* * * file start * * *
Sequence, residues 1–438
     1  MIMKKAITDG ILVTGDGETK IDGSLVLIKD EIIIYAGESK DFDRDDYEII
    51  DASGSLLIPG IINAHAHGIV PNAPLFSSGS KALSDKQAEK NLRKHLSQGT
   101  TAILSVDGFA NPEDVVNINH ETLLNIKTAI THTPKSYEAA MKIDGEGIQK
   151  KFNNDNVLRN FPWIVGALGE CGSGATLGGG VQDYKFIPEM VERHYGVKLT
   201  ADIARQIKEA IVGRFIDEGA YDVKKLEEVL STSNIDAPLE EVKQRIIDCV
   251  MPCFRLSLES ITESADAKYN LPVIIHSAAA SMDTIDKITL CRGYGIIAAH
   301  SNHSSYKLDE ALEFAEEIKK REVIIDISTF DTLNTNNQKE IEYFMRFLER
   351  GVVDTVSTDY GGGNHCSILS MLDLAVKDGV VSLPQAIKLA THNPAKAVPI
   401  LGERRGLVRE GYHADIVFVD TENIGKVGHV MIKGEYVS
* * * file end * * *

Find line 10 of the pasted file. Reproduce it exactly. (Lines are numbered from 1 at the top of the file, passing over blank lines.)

   401  LGERRGLVRE GYHADIVFVD TENIGKVGHV MIKGEYVS